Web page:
“Canada is a signatory to the 1961 UN convention on reducing statelessness but it didn’t sign the 1954 convention to protect stateless people,” explains Kane. “This means we do not have any pathways under citizenship or immigration law for stateless people to acquire status.”

Kane says she and her team of experts are in the midst of trying to contact the new Liberal government to make this happen.

“I am seeing more and more stateless people come out of the shadows to contact me,” notes Kane. “If you have no SIN, you have no healthcare, no driver’s licence and no bank account or credit card. Your world becomes very small.”

Getting status

Kane says Canada needs to set up a procedure where stateless people can go through the steps as other countries do. One of the obligations will be for “proof of connection to the country.”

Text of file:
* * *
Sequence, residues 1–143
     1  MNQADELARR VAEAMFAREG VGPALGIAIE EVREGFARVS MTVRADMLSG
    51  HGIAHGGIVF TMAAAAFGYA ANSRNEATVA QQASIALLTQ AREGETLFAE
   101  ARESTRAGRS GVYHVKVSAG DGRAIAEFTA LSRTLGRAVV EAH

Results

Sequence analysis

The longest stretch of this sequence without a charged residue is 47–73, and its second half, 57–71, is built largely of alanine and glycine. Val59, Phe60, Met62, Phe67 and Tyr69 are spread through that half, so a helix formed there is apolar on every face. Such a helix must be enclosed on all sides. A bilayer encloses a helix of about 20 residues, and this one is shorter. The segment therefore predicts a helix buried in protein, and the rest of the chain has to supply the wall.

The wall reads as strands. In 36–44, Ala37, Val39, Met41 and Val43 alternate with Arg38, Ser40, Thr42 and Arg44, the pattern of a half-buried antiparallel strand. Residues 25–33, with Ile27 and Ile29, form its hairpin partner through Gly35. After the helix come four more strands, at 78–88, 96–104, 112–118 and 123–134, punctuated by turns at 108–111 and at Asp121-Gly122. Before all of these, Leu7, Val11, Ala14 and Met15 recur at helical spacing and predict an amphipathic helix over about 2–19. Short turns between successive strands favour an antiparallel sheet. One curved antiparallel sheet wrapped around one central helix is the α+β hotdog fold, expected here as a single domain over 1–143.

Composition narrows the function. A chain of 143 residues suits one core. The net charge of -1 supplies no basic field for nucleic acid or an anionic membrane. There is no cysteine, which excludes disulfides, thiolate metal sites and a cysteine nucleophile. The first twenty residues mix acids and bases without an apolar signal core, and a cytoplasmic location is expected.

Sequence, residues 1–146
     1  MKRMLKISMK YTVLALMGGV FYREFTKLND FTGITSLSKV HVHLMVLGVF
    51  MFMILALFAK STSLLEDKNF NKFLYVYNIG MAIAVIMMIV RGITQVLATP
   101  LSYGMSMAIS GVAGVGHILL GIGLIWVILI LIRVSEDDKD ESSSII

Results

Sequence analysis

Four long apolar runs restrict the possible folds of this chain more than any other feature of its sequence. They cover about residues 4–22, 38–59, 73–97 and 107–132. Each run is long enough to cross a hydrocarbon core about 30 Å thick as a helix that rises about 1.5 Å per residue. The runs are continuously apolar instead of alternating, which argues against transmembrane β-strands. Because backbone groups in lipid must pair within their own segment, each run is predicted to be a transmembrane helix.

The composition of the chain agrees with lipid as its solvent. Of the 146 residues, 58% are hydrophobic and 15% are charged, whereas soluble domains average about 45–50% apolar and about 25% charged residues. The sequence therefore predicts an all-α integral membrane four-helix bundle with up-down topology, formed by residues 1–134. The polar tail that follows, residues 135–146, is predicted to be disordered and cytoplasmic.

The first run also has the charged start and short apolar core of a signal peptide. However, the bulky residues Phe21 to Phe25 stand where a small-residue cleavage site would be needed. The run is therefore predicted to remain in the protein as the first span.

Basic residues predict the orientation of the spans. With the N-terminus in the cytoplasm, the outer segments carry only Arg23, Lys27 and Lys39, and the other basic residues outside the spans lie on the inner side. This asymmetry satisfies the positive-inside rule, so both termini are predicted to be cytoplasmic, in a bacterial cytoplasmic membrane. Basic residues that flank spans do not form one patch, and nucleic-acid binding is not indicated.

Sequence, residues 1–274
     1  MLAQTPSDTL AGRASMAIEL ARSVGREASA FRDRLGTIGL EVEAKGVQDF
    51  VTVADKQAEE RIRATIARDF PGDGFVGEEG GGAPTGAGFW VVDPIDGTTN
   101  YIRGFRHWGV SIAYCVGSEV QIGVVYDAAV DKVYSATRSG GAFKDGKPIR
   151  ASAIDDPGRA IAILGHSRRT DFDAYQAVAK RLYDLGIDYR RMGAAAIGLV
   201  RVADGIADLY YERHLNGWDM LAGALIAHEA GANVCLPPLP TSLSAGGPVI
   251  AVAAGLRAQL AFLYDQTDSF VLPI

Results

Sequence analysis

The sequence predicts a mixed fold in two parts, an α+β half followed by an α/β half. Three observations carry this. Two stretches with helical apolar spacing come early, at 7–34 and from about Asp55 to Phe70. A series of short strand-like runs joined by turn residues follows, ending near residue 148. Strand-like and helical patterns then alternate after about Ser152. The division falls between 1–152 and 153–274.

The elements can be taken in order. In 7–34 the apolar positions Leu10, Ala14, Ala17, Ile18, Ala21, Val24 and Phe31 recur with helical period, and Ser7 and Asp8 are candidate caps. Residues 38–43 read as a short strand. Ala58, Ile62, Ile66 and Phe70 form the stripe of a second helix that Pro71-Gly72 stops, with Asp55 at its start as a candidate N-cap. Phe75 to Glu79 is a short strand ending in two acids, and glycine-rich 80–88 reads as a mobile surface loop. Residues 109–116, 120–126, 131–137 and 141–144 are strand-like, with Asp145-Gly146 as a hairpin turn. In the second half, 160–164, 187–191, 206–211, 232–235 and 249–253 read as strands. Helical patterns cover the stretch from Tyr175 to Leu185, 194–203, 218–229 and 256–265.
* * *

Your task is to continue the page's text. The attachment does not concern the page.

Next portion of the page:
In some cases, people have had children born in Canada, they have teachers who can vouch for them, friends or neighbours or their church, synagogue or mosque officials.

Muhammad El-Bhatta, a Palestinian who lives in London, Ont., but has no papers and is stateless, has a refugee lawyer who is championing his case.

The 64-year-old is feeling doubly persecuted. Born in Gaza in 1952, he was “born a refugee.” After graduating with an engineering degree in Turkey, he worked in the United Arab Emirates (UAE), married another Palestinian and had three children in the UAE, which does not confer automatic citizenship to people born there.

“I am a Palestinian; no one wants us.”